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Heritage luxury brands: insight into consumer motivations across different age groups

Lama Halwani (Department of Education, GEM, Grenoble, France)

Qualitative Market Research

ISSN: 1352-2752

Article publication date: 29 May 2020

Issue publication date: 22 March 2021



Despite growing attention to the heritage dimension of luxury brands, little research has been undertaken on how motivation may influence the consumption behavior of heritage luxury brand consumers. This study aims to provide insight into the complex interplay between consumers’ age and purchase motivations of heritage luxury brands.


Through the analysis of interview data with consumers of different age groups, this study takes a closer look at the consumer motivation underlying the consumption behavior of three different consumer age groups: late adolescents (16–25 years old), middle-aged adults (33–40 years) and older adults (67–74 years old).


This study delivered additional insights to the literature, especially in the areas of knowing how consumers are motivated when heritage is incorporated as a distinct dimension. The findings revealed that consumers themselves identify purchase drivers based on their perception of a brand’s investment values as “monetary appreciation,” “potential to become vintage” and “inheritance value.” Age differences also emerged in how participants discussed these themes and how they related to attitude functions, such as social-adjustive, utilitarian and hedonic.

Practical implications

Luxury brand managers should carefully consider age differences when planning their marketing initiatives. An awareness of consumers’ heritage luxury brand motivations of different ages will help practitioners better position their market offerings. The findings suggest that practitioners must recognize that there are likely to be differences in how different age group consumers respond to marketing initiatives and that consumer’s age is likely to play a key role in shaping the attitude of consumers. For older adult consumers, the optimal market offering would emphasize the inheritance value of heritage luxury brands. To that end, reinforcing attributes of nostalgia through the use of original logos, brand stories and classic designs is likely to be effective in targeting this age group. When targeting adolescents, heritage luxury brand managers need to take account of the changing consumption behavior of this age group, including their need to switch brands and adapt to their social surrounding. To provoke the purchase behavior of late-adolescent consumers, it seems that heritage luxury brand managers should draw on their image of social status enhancers.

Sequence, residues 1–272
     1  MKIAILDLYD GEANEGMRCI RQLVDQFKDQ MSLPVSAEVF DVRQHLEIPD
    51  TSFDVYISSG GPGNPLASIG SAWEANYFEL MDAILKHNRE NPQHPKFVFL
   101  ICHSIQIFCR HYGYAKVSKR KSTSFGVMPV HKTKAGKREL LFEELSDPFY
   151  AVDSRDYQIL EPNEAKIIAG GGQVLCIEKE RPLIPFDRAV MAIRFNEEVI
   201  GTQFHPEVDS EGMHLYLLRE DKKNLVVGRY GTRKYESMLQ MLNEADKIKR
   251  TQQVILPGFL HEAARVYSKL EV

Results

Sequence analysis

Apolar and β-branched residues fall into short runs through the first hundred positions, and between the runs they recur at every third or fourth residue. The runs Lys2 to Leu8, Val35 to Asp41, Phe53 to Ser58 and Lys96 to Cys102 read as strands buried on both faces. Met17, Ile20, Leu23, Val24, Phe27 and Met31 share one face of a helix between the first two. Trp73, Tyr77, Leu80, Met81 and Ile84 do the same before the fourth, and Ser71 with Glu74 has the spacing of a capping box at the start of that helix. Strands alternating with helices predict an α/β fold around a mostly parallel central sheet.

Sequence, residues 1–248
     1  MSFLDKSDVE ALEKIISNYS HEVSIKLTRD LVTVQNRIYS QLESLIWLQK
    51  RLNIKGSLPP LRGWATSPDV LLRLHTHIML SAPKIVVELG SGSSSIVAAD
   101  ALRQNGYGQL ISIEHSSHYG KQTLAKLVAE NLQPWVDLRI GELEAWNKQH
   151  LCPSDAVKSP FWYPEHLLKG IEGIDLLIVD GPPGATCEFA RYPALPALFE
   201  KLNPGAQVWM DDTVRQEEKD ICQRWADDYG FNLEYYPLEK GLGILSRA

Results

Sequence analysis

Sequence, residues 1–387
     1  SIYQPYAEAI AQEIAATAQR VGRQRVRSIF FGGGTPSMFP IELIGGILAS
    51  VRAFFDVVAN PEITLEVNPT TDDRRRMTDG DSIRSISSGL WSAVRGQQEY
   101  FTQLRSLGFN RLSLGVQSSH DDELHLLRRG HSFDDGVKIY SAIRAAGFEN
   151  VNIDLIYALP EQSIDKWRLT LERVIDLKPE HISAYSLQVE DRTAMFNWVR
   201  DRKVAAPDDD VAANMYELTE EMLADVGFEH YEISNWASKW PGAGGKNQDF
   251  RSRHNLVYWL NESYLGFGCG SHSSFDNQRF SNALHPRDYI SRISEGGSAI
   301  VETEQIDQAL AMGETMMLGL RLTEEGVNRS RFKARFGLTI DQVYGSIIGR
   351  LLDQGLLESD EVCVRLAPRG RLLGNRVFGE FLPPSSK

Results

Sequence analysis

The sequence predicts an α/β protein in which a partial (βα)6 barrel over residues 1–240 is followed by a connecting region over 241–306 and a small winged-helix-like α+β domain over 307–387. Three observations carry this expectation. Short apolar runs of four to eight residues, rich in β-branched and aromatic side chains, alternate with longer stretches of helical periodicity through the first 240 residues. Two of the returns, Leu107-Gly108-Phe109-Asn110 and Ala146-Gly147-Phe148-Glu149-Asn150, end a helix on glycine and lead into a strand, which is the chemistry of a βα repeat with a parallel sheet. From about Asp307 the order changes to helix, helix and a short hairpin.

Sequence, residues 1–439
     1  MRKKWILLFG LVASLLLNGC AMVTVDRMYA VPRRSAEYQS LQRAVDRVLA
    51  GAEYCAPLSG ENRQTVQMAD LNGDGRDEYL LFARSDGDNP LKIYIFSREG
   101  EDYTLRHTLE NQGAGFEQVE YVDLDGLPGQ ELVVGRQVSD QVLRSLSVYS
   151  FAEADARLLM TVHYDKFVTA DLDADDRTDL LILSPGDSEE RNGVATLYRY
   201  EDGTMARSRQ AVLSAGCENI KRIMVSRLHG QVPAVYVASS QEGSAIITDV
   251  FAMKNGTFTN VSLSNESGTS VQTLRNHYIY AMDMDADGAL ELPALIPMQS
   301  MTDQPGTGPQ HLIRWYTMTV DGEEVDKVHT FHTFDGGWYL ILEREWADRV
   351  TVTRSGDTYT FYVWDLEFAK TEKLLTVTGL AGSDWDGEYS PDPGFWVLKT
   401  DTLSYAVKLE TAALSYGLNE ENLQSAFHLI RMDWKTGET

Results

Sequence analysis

In this study, a gap in the literature is addressed by focusing on an overlooked demographic variable as it relates to motivations toward heritage luxury. To the author’s best knowledge, this is the first study of its kind simultaneously considering heritage and luxury brand dimensions by exploring the motivations of consumers of different age groups.



Halwani, L. (2021), "Heritage luxury brands: insight into consumer motivations across different age groups", Qualitative Market Research, Vol. 24 No. 2, pp. 161-179.



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